• Client sends a write request to a single, random Cassandra node, this node acts as a proxy and writes the data to the cluster.
  • Writes are replicated to N nodes using the replication placement strategy associated with keyspace. With the RackAwareStrategy, Cassandra will determine the "distance" from the current node. For efficient and reliable distribution of data this "distance" is broken into three buckets:
    • Same rack i.e. the rack containing first node
    • Same data center i.e. the data center in which first node is present.
    • Entirely a different data center i.e. some data center other than the first node.
We configure Cassandra to write data to N nodes for redundancy and it will write the first copy to the primary node, the second copy to the next node in the ring in another data center, and the rest of the copies to machines in the same data center as the proxy. This ensures that a single failure does not take down the entire data cluster and the data will be available even if an entire data center fails.
Internally Cassandra write operation life cycle can be divided in following phases:
  • Commit log Write
    • Data is written to commit logs as a sequential operation. After the data is appended to the log, it is sent further to the appropriate nodes.
  • Memtables Write
    • After a node receives write data, first it records it in a local log then updates to appropriate memtables (one for each column family). As explained in previous post, a Memtable is Cassandra's in-memory representation of key/value pairs before the data gets flushed to disk as an SSTable.
    • Later these Memtables are flushed to disk depends upon various factors like out of space, too many keys (beyond the internally configured number of keys - by default 128) etc.
    • When memtable is full, the memtable data will be flushed to a disk file, called SSTable, using sequential I/O and so random I/O is avoided. This is the reason why the write performance is so high. 
    • The commitlog is purged after the flushing the data to disk.
  • SSTable Write
    • Finally when the Memtables are written to the disk, it results two files:
      • Data File (SSTable):
        • As we saw in earlier post an SSTable stands for Sorted Strings Table and is a file of key/value string pairs, sorted by keys.
      • Index File (SSTable Index):
        • It is a file containing indexing information in the form of Key+Offset pairs, it actually points into data file.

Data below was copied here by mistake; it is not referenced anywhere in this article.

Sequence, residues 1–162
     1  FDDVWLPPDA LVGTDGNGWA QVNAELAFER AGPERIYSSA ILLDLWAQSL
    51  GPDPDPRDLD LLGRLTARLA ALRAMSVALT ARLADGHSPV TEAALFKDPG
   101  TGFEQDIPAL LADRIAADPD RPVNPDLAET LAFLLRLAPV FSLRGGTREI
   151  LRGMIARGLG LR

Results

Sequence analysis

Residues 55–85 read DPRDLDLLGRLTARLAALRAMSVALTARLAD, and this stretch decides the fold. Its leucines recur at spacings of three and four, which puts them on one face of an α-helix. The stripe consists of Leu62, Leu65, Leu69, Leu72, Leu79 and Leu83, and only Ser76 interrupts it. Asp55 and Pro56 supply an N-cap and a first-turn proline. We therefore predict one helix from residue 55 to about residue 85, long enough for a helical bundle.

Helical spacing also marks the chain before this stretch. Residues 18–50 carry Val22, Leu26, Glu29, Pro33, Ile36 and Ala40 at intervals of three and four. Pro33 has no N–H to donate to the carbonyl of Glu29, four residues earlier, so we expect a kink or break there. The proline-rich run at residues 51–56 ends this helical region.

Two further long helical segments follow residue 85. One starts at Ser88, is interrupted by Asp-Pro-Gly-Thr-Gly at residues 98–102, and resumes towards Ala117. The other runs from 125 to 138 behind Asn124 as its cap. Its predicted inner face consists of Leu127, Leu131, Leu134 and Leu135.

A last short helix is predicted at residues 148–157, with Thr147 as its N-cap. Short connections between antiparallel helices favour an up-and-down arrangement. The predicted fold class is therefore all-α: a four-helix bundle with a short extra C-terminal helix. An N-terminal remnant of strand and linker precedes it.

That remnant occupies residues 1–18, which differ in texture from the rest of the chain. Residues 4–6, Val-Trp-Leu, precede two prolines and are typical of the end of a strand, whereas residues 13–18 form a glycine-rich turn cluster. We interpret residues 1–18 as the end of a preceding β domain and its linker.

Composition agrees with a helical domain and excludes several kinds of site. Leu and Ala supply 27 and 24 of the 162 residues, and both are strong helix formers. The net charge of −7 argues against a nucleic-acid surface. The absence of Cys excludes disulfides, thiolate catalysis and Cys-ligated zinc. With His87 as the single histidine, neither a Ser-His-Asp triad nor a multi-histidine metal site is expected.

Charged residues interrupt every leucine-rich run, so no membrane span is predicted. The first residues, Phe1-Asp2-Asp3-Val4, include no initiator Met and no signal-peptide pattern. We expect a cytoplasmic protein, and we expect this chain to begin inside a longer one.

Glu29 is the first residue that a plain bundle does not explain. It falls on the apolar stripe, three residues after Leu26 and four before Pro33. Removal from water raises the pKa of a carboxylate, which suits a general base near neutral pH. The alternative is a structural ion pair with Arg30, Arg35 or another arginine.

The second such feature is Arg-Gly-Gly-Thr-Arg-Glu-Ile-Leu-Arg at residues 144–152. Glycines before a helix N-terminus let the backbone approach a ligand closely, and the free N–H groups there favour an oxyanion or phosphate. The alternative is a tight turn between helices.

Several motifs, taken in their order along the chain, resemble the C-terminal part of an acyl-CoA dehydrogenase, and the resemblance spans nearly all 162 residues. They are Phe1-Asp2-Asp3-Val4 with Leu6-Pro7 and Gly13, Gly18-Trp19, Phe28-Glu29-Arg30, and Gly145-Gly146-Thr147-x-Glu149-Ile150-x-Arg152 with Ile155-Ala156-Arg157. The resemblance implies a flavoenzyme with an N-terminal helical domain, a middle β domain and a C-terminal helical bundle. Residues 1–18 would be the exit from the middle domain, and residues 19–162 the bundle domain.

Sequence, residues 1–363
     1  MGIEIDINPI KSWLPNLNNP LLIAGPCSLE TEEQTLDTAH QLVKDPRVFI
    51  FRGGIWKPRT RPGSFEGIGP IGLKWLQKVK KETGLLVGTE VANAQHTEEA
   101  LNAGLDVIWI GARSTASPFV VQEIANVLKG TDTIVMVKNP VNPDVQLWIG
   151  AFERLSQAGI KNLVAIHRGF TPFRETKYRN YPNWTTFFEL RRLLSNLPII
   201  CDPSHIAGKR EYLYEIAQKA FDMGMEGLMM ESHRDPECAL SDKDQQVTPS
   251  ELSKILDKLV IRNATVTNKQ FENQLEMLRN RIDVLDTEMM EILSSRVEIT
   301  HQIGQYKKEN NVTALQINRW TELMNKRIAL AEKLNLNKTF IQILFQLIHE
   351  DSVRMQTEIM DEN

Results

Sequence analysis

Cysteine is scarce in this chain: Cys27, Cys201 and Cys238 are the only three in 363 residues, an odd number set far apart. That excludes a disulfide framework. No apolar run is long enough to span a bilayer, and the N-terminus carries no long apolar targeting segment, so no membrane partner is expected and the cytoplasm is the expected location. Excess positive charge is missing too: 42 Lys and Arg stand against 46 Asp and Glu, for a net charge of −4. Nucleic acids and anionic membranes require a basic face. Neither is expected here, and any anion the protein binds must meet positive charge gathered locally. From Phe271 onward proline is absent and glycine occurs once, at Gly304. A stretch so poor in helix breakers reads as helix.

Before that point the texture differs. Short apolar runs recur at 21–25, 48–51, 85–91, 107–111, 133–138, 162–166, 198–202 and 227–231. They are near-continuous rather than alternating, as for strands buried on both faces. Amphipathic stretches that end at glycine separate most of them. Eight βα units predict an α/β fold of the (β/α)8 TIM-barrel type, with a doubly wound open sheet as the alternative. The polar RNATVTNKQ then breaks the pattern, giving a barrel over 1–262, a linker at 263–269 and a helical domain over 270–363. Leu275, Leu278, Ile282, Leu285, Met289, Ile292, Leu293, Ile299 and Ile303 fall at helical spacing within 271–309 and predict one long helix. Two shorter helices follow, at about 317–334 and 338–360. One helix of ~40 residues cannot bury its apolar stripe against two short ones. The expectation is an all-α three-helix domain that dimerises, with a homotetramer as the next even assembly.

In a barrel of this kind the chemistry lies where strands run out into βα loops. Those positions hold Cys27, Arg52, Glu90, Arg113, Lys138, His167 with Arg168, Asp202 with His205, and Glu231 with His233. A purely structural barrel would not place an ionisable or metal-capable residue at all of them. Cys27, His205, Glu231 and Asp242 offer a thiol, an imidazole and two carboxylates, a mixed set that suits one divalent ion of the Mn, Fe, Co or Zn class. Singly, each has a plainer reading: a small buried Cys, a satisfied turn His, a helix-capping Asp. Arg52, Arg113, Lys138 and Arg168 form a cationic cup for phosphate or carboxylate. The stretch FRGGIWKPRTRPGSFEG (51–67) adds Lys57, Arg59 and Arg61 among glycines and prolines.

Note that when a commit log has had all its column families pushed to disk, it is deleted. The slowest part of Cassandra writes is appending to a file. Unlike a database, Cassandra does not update data in-place on disk, nor update indices, so there's no intensive synchronous disk operations to block the write operation which results in extremely fast system.

Another important mechnism of Cassandra in writing is compaction, since the data files accumulate over time. Periodically data files are merged sorted into a new file hence creating new index. It involves merging of keys, combinings columns and discarding tombstones.

Cassandra Write

Cassandra Reads

Similar to the write the client can select the strength of the read consistency:
  • Single Read: In this case client request returns once it gets the first response, note that in this case data can be stale.
  • Quorum Read: In this case the request returns only after the majority of the nodes responded with the same value, this reduces the chances of getting stale data.
In read operation:
  • Client makes a read request to any random node.
  • The node who recieved the request acts as a proxy determining the nodes having copies of data.
  • The node request the corresponding data from each node.
  • When a read request comes in to a node, the data to be returned is merged from all the related SSTables and any unflushed memtables.
  • Each node reading data uses either Memtable (in-memory) or SSTables (disk), note that node may also performs read repair of any inconsistent response. If the read repair is triggered, it can happen in the background after data is returned.
Note that Cassandra read operations are generally slower than writes but still noticiably fast.

Few noticeable things about Cassandra read operation are:
  • When a node reads data locally, it checks both Memtable and SSTables. As Cassandra does not update data in place on disk, a typical read needs to merge data from 2-4 SSTables, which makes read at Cassandra usually slower than write.
  • To read data from a SSTable, it first get the position for the row using a binary search on the SSTable index. Then it uses a row-level column index and row-level bloom filter to find the exact data blocks to read and only deserialize those blocks.
  • After retrieving data from multiple SSTables, the data are combined.

Cassandra Read

We will see more on setting up Cassandra distributed cluster, keyspace, column-family usage, read/write data in the next post.

Useful links: